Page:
In the SPLC statement, Hill says she took the engagement photo to document her clients’ love. “When I saw how my image was used, I was sad for Brian and Tom. I was angry that someone would take my work, distort it and use it to reflect the opposite of what it was meant to express.”

Related Article
Wedding Photographer Might Sue for Copyright Infringement Over Anti-Gay Attack Ad

June 5th, 2012

The Most Tasteless Copyright Infringement Ever?

Copyright infringement is so commonplace these days, it’s hard to shock us, but this flyer posted around New York’s East Village managed to do it.  The flyers for Centaur Moving show copies of Don McCullin’s award-winning photo of a Turkish woman mourning her dead husband, killed in the civil war in Cyprus in 1964. What does a photo of grief, death and war have to do with furniture movers?

After photographer Ashley Gilbertson tweeted a photo of the flyer, we called Centaur Moving for information (and walked over to Second Avenue to grab a camera-phone pic of one of the flyers). A man who identified himself only as Roger, the company’s manager and dispatcher, answered the phone. Roger said that he had hired an artist who does guerilla advertising, and knew nothing about the ad. Asked if he knew the origin or content of the photo, he said, “I have no idea. I just gave him a few bucks.” We have been unable to reach the guerrilla ad guy.

In PDN’s “Heroes and Mentors” issue, McCullin talked candidly about his frustration that his 50-year career as a photojournalist has done so little to end violence or conflict, and the psychic toll that he has paid for witnessing the horrors of war. It’s hard to imagine he envisioned the fruits of his labors being misappropriated to promote a man with a van.

The flyers stirred some quick action. When photographer Yunghi Kim saw Gilbertson’s Twitpic, she got in touch with Jeffrey Smith at Contact Press Images, the agency that represents McCullin. Smith says, “I responded by sending a cease and desist letter” to the moving company on Sunday. We took a quick look this morning, and the flyers seem to have been torn down—though whether they were removed by a contrite Roger, a rival moving company, or outraged photographers, we’ll never know.

Related article
Heroes & Mentors: Don McCullin and Eugene Richards

April 26th, 2012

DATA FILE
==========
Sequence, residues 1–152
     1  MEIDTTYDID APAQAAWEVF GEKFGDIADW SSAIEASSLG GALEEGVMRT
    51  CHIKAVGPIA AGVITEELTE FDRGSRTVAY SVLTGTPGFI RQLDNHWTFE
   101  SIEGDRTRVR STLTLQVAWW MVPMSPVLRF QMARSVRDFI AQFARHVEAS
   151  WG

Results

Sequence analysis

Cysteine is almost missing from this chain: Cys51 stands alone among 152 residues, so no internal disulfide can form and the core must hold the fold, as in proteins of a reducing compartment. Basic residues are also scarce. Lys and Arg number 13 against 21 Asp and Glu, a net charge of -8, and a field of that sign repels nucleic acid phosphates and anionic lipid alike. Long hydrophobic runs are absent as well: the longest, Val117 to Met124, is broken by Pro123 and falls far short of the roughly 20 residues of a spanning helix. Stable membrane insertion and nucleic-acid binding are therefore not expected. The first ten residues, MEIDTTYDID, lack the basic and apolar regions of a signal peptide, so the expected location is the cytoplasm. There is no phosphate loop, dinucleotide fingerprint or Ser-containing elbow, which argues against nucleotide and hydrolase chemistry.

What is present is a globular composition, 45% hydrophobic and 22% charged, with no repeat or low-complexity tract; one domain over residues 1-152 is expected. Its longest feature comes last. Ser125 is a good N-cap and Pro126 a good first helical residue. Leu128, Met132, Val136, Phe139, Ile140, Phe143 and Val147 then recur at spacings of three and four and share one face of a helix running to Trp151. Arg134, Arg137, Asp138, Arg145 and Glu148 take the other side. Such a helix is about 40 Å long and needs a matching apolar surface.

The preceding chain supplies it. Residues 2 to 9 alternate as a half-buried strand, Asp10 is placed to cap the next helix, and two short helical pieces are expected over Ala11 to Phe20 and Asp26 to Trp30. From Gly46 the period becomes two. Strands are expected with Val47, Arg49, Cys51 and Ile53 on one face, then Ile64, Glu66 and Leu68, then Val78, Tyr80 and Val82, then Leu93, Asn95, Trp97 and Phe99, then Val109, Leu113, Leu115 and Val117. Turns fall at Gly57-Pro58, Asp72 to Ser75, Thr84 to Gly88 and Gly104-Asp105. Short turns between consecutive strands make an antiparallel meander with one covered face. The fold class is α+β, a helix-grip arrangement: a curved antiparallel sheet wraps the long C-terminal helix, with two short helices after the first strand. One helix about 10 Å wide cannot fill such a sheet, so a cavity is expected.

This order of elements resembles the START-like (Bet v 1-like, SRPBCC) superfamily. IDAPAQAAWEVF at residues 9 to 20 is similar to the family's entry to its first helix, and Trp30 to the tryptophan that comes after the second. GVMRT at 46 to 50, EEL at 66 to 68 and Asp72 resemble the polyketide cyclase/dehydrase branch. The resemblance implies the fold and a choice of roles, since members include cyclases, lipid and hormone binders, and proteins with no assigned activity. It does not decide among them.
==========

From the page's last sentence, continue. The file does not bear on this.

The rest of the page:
Jim Marshall’s Estate Sues “Mr. Brainwash” and Google for Copyright Infringement

John Coltrane Jim Marshall Thierry Guetta Mr. Brainwash

The estate of iconic music photographer James “Jim” Marshall filed a copyright infringement claim against Thierry Guetta (aka Mr. Brainwash) and Google for the unauthorized use of his images for advertising purposes. The brief states that copies of Marshall’s photos were used as part of a promotion for Google Music, a new online music service, as well as in derivative works.

According to the brief, for a Google event held at Guetta’s studio, the artist designed a backdrop using blown-up copies of photos Marshall made of musicians John Coltrane and Jimi Hendrix, which “constituted unauthorized reproductions and display” of the images. The backdrop was placed to the side of the stage where the announcement for Google Music was made, and therefore Google is also liable for copyright infringement since the images were used to promote its new product, Marshall’s estate claims.

Google Music Event

Additionally, the brief states that Guetta used five of Marshall’s photos to make derivative works, some of which he is currently selling on his Web site. It appears that Marshall’s images of John Coltrane, Sonny Rollins and Stanley Turrentine, as well as his group shots of Thelonius Monk, Dizzy Gillespie, and Gerald Wilson, and Jimi Hendrix and Brian Jones, were screen printed on to paper and then altered by either changing the color palette or adding words to the background.

Jimi Hendrix Jim Marshall Thierry Guetta

The brief is asking that all infringing works be turned over to the estate and that all profits derived from the infringing works be awarded to the estate. Additionally, its asking that any damages, attorneys’ fees and costs related to the trial be reimbursed.

This isn’t the first time Guetta has been accused of infringing on a photographer’s copyright. In June 2011, a federal judge ruled in favor of photographer Glen E. Friedman, who claimed that his image of hip-hop group Run-DMC was used as the basis of several works by Guetta. A settlement with Friedman has been reached, but the terms were not disclosed.

Additionally, Guetta has another copyright claim pending from photographer Dennis Morris. While Guetta admitted he did use Morris’s photo of Sex Pistol’s bassist Sid Vicious in derivative works of art, he claimed he did not know it was a copyrighted image. The two parties are currently working on a settlement agreement.

Neither Guetta nor Google responded immediately to a request for comment.

Update 4/27/12: Jim Prosser, manager global communications and public affairs for Google, responded to our request for comment by stating that Google has not received a copy of the complaint yet and therefore he cannot comment on it.